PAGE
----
Contactless payments account for only an estimated low-single-digit share of U.S. general-purchase credit and debit card transactions, but contactless has a much greater share of payments in Canada and the United Kingdom, recently released data show.
Canada’s largest merchant acquirer, Toronto-based Moneris Solutions Corp., says that in the first quarter contactless for the first time accounted for more than half of card-present transactions—51.5%. Contactless payments grew nearly 25% year-over-year while overall credit and debit card spending rose only 2.5%, Moneris reported.
Meanwhile, nearly one-third of all credit and debit card transactions in the U.K. in February were made using contactless cards, according to a new report from UK Finance Ltd., a London-based trade association of banks, other financial firms, and payment networks. There were 644 million contactless card transactions in February, up 20.6% from 534 million a year earlier.
The total value of February’s contactless transactions was £5.9 billion ($7.51 billion at current exchange rates), a 20% increase from £4.9 billion in February 2018. The data includes transactions on both U.K.-issued cards and cards issued overseas.
There are multiple reasons for the large market share of contactless payments in the two countries. Both converted to EMV chip card payments years ahead of the U.S., and most EMV point-of-sale terminals also support contactless payments using near-field communication technology when an NFC-enabled card or smart phone with a mobile wallet is tapped on the terminal. In London, contactless payments got a boost when the massive Transport for London mass-transit system began accepting general-purpose contactless payment cards.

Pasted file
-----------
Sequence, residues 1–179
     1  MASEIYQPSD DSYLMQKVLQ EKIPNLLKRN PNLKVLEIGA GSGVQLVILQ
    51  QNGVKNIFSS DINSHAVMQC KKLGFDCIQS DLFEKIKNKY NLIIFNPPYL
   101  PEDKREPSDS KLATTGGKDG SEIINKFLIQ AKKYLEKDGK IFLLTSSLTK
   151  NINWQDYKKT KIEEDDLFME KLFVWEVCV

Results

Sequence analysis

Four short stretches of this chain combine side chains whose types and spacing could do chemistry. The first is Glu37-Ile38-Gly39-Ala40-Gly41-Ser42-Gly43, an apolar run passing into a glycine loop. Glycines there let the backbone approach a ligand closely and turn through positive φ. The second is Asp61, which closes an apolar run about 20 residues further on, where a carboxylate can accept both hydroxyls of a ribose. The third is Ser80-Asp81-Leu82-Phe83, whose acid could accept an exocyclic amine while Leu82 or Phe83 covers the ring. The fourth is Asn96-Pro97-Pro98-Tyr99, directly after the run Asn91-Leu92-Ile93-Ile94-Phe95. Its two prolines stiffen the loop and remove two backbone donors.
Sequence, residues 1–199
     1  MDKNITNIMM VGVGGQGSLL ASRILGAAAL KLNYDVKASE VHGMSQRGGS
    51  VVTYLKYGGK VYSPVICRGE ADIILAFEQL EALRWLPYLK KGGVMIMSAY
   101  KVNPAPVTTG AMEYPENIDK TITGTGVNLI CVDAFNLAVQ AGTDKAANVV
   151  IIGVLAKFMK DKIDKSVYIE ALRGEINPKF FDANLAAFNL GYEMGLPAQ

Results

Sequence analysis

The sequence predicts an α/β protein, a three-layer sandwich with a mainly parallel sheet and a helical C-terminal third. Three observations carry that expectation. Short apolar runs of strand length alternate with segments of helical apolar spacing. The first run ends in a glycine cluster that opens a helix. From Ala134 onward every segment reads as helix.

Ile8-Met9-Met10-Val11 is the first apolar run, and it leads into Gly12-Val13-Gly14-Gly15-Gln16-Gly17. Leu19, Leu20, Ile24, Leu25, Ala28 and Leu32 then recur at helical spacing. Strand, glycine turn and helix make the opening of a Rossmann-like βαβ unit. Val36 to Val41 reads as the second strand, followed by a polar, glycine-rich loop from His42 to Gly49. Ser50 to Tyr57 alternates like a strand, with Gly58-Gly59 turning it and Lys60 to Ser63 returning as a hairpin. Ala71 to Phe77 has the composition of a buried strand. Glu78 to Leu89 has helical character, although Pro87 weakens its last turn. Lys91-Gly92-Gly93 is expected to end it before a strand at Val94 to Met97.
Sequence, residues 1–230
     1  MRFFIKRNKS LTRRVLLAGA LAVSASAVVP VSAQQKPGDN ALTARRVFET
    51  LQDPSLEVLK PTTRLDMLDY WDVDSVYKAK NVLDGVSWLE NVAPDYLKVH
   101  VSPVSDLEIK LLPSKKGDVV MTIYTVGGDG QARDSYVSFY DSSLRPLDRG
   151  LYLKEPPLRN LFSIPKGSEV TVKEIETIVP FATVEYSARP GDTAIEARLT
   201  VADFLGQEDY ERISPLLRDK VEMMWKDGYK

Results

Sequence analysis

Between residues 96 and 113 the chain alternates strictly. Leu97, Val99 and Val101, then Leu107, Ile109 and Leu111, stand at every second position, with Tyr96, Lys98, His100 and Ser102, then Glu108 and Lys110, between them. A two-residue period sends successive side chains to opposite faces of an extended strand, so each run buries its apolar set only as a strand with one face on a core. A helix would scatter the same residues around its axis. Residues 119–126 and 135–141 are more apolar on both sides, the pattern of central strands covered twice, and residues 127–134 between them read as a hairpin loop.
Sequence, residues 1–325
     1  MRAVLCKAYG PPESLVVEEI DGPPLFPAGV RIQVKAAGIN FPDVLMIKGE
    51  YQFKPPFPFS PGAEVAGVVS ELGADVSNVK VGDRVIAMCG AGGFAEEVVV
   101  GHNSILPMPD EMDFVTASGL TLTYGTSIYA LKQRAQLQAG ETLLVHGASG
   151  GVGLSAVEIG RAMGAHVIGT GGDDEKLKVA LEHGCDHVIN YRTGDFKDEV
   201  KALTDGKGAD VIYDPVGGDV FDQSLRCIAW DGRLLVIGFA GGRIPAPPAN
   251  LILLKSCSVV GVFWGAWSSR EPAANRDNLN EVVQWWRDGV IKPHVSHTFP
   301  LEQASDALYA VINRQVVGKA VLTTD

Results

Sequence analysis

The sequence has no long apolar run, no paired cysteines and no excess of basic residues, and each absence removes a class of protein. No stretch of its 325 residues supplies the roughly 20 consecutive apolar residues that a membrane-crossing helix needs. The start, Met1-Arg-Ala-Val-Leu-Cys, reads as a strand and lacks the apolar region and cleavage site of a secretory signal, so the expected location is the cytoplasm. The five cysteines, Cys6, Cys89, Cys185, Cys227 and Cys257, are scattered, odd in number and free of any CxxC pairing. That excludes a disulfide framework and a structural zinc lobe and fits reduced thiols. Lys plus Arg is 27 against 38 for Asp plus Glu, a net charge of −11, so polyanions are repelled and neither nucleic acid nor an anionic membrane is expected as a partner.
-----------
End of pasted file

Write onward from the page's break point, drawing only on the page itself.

In Canada, the financial system is much more centralized than that of the U.S., making new technologies and systems easier to deploy. EMV began as mandates from the payment card networks for issuers and acquirers, notes Patrick Diab, vice president of product and client solutions at Moneris. “In Canada, the stars aligned,” Diab tells Digital Transactions magazine for an upcoming story about contactless payments.
One big factor spurring contactless payments is that in contrast with the U.S., few Canadian merchants own their POS terminals; instead, they rent them from acquirers. That leads to quicker upgrades and helped spread terminals that supported both EMV contact and contactless NFC-based transactions, according to Diab. “The refresh rate is quicker,” he says.
In addition, high-speed Internet, an essential element for fast contactless transactions, was coming into the merchant market at about the same time the card networks mandated chip-and-PIN payments in 2006. “Contactless without high-speed Internet loses its value,” says Diab.
Visa Inc. predicts the U.S. by year’s end will have 100 million Visa-branded EMV cards of the dual-interface variety that support both contact and contactless NFC payments. A number of major card issuers have committed to issuing dual-interface cards, including leading credit card issuer JPMorgan Chase & Co.